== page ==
The middle class in the United States exists in part to the efforts of organized labor and we can trace the decline of the middle class to the rise of right wing Republicanism with its policies favoring the corporations and attacking organized labor.

Reds (communists, socialists, anarcho-syndicalists, progressives) were always the ones who cared about the workers.  The rich look upon workers as nothing more than a resource to exploit.  Another thing they do not teach in schools is how many of the union were integrated and multi-cultural long before multi-cultural was ever considered for usage by academe.  They do not teach how union organizers had to be able to speak several languages so they could address workers who escaped the oppression of Europe for a better life in America only to find themselves as meanly oppressed by the rich factory owners as they had been by the titled land owners.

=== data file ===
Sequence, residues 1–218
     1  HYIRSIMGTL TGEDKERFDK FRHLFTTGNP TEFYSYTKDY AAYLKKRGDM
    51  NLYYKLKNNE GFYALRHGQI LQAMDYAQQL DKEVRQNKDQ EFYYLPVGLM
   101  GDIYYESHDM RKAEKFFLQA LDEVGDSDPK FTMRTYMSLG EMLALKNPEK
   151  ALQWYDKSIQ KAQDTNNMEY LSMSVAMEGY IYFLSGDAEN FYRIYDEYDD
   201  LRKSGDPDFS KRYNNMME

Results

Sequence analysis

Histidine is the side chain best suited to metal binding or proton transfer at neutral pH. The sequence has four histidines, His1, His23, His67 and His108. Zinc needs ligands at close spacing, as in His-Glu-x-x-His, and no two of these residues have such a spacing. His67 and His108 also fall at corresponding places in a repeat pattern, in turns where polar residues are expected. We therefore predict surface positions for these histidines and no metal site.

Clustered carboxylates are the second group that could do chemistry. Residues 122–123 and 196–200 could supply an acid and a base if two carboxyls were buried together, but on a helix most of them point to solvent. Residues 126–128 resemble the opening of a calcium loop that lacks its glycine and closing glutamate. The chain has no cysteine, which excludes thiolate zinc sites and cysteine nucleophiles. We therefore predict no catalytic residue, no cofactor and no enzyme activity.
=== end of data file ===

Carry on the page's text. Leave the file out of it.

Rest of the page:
Oh how the right wing has hated organized labor.  How they have propagandized against it, criminalized it and lied about it.

They have a language all their own.  They call anti-union laws “Right to Work” laws.  When in fact they are hire and fire at will laws that strip workers of any redress what so ever.

Anti-discrimination laws are a joke and will always be an exercise in wankery as long as the bosses hold all the power and the workers have none.  As long as fire at will laws persist workers can be terminated for any reason or no reason what so ever.

There is and has been a class war in America and in the rest of the world too. It is the war that the rich wage upon the poor.  A war of exploitation where we work so hard for such a meager reward and our work creates the surplus value, the profit that makes them rich beyond anything I can actually imagine.

Perhaps we should honor the Labor Movement on Labor Day and remind ourselves of all the people who died and how the corporations spit upon their graves and dishonor their sacrifices.

2 Responses to “Labor Day 2010 Hard Times and Class War”

  1. Janet L. Says:

    Some would say that the genius of America has been that early on the rich saw that a rising tide lifts all boats.